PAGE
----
As part of an examination of the role played by Lucretius in French libertinism, this article develops a reading of the 1730 story by Crébillon fils (1707-77) entitled Le Sylphe. The author argues that the French libertine tradition inherits from Lucretius an emphasis on subjection as generative rather than inhibiting; both ancient and more modern forms of Epicurean materialism are heavily invested in the process by which a condition of relative emancipation only emerges from within a state of constraint. Crébillon suggests that the capacity to take pleasure in an experience of dispossession - the loss of self-mastery - is fundamental to a libertine erotics; he portrays the heroine of his short story as possessed by a voluptuous recognition of her own enthrallment to a supernatural being (the sylph). Through her sexual enjoyment of this supernatural being, she is relieved of the burden of her own humanity, in a process that mirrors the delightful dispossession experienced by the convert to Epicureanism. For Crébillon, it is the literary text itself that is charged with arousing and assuaging erotic passion, and, ultimately, assuming the motility of the Epicurean atom.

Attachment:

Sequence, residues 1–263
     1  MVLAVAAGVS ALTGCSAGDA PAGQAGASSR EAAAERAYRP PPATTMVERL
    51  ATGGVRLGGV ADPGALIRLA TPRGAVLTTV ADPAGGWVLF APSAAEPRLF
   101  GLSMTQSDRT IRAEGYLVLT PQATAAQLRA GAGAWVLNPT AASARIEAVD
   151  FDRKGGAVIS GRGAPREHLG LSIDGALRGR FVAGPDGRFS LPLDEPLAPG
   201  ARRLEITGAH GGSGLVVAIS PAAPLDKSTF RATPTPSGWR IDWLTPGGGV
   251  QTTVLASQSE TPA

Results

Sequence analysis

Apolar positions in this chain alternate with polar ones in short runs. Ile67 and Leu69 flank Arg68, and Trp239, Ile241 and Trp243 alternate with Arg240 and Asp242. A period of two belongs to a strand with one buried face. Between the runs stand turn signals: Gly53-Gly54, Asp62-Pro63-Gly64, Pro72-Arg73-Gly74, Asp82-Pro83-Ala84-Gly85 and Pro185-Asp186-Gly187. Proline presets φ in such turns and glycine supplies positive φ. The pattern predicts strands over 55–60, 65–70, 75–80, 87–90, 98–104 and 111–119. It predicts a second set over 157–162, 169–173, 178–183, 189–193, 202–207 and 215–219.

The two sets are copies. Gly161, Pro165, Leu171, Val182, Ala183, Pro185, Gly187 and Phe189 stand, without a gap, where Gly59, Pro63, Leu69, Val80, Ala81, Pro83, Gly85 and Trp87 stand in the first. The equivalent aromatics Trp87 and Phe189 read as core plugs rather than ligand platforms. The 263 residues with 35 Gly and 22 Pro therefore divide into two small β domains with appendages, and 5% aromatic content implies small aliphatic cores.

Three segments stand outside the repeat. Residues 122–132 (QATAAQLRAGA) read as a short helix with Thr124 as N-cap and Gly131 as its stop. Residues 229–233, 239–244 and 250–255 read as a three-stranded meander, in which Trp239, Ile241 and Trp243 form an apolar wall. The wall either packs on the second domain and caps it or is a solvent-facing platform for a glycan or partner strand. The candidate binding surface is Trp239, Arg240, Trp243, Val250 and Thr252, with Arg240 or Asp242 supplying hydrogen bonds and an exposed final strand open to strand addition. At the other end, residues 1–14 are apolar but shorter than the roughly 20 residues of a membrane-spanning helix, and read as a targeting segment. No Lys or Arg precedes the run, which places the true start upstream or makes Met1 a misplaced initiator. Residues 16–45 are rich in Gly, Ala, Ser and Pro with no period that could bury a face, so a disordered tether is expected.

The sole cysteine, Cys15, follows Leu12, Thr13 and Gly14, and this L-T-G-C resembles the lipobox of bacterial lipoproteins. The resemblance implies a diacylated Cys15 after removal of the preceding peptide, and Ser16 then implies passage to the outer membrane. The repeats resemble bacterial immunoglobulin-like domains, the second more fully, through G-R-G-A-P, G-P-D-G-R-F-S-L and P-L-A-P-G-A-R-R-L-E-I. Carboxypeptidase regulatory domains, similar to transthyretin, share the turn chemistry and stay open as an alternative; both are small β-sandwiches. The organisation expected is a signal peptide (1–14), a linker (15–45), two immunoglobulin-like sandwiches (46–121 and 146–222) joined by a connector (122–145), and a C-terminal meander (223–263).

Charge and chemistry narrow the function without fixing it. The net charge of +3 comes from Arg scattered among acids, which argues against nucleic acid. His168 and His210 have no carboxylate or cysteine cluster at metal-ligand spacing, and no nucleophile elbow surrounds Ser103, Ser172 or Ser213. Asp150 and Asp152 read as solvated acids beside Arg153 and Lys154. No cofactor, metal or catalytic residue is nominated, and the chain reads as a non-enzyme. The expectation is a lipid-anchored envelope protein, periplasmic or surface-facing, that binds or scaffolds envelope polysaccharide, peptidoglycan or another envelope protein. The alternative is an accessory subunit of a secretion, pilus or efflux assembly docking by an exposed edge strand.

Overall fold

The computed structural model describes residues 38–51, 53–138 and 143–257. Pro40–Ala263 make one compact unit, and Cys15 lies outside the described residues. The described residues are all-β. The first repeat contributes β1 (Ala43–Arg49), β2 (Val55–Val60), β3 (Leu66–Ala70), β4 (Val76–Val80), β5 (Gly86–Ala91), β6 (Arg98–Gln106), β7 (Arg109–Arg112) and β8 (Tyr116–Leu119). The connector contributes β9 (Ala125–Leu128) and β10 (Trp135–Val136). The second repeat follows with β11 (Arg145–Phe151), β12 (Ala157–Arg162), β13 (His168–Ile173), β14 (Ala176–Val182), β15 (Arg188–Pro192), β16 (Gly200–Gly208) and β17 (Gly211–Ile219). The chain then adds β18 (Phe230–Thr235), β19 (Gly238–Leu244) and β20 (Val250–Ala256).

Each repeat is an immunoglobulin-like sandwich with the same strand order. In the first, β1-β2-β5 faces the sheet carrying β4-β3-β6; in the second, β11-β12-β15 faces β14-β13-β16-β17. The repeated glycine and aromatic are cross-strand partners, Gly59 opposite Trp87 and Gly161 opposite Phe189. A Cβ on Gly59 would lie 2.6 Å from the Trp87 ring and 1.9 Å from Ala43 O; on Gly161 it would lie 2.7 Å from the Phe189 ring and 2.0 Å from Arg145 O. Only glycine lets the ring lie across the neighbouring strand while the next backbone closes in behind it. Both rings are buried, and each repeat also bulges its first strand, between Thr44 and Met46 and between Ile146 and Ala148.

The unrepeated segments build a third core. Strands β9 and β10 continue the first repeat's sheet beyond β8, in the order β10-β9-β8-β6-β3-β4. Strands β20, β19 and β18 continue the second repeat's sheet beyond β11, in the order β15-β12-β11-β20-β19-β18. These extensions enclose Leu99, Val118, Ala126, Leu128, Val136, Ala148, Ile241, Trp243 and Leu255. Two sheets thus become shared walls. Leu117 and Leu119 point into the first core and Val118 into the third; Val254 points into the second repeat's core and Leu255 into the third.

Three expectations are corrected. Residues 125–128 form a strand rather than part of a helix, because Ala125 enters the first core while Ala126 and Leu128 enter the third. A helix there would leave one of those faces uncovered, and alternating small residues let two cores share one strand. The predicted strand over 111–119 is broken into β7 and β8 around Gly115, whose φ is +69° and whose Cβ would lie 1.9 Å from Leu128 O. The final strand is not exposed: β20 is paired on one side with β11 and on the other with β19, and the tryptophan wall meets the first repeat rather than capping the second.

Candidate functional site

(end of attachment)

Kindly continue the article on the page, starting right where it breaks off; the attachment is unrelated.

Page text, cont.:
Keywords: Crébillon fils, libertinage, Lucretius, constraint, erotic desire.